Although I live on Spruce Head, I fish South Thomaston because that’s what my family always did. I actually had the option to fish Spruce Head because I live there, but I talked to my dad and he just didn’t think it would be right for me to do that, whereas all of us fish South Thomaston. So that’s what I’ve been doing. When my grandfather passed away, [my dad] bought my grandfather’s house. My grandfather fished Criehaven, so my dad’s fishing Criehaven now and he fishes in federal waters as well, and so does my brother. So I’m kinda actually left alone. I wish more family was still fishing around me, but hey, it’s okay, I’ll figure it out.
I would absolutely love to be the first federal water fisherwoman. I think that would be so cool, and not only that I’d be with my brother and my dad. I think with being a woman fisherman, you’re always gonna come up against different obstacles. It’s really hard honestly, to be a woman amongst all of the boys because you’re not one of the boys. I think a lot of people don’t take women too seriously in the industry and I hope that will change.

The things that I’m worried about are changes in the fishing industry. I just sat in on this meeting that had to do with right whales. I can totally understand why they’re concerned, but it can be really expensive [to protect the whales from fishing gear] and if it is not effective then it’s us fishermen that suffer. We’re the ones that are paying for it ultimately.

Krista Tripp and her grandfather’s boat, Shearwater. K. Tripp photo.

Our generation is really going to have to come up with some solutions to keep the lobsters alive and well and producing. I hope that we won’t have to deal with any horrendous algae blooms or the lobster moving way offshore and us not being able to go fish for them. That’s why I’m kinda stressing about getting a federal license, because we don’t know what’s going to happen. We can speculate all we want but we just don’t know.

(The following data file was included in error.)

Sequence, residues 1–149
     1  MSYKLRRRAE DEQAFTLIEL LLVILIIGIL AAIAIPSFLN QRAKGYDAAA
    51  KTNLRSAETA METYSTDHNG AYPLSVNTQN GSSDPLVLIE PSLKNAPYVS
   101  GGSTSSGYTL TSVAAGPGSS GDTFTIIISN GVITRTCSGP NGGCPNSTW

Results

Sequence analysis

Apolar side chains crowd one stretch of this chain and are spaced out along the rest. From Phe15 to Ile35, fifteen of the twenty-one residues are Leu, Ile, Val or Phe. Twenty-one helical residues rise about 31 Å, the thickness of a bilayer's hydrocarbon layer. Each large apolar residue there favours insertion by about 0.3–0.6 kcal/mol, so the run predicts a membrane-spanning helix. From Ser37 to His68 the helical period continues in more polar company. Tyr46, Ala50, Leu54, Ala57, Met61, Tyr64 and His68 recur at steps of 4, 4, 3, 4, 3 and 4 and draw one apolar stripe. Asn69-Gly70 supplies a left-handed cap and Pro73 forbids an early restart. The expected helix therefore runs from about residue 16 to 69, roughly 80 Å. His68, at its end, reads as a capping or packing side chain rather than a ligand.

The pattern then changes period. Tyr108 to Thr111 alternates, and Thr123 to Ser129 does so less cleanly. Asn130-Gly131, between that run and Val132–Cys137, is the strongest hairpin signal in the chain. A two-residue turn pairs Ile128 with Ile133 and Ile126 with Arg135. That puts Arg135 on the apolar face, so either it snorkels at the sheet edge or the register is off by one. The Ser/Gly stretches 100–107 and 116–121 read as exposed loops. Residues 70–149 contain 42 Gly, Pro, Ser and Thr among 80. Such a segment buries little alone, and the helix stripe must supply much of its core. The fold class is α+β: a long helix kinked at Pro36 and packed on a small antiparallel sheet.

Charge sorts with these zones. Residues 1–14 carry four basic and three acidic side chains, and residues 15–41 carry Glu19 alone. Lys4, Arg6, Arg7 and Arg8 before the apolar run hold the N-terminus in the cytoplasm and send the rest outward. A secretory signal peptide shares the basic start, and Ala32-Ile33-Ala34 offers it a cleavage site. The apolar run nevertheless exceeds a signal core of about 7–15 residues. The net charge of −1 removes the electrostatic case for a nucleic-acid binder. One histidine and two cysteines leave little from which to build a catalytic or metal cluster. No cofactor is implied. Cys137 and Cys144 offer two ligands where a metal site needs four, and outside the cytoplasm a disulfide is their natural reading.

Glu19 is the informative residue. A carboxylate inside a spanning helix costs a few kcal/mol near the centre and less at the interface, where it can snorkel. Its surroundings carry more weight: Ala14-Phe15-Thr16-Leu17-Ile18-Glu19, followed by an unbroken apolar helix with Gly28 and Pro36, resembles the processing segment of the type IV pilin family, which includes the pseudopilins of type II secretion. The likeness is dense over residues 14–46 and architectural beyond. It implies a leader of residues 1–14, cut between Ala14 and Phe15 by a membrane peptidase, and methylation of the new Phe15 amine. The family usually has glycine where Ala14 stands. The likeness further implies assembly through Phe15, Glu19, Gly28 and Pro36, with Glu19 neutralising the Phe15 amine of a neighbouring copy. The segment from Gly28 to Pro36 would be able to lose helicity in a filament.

Years ago, people would just fish in this inside channel. My father actually was one of the very few that started fishing out here [offshore] to get away from all the others. Now a lot more people are finding that there’s lobsters way offshore so they’re getting bigger boats and they’re getting the equipment needed to go fish offshore. But who knows if they were always out there or if they just stopped coming in or if global warming is affecting their patterns or what.
If the fishing industry goes away, then that’s a huge concern. I always had the idea that, you know, I would pass it down to my kids and that they would pass it down to their kids. This has always been such a way of life here that we really don’t know what else we would do, you know? Hopefully we’d be able to find some kind of other things to do on the water, maybe another species or something to catch, but the fear is that we’re not going to have an industry to pass down to future generations. Because what would we do? We’re all built on lobstering.
Voices of the Maine Fishermen’s Forum, an Oral History, was made possible by Maine Sea Grant, The First Coast, College of the Atlantic, and the Island Institute. This series is coordinated by Natalie Springuel, Maine Sea Grant.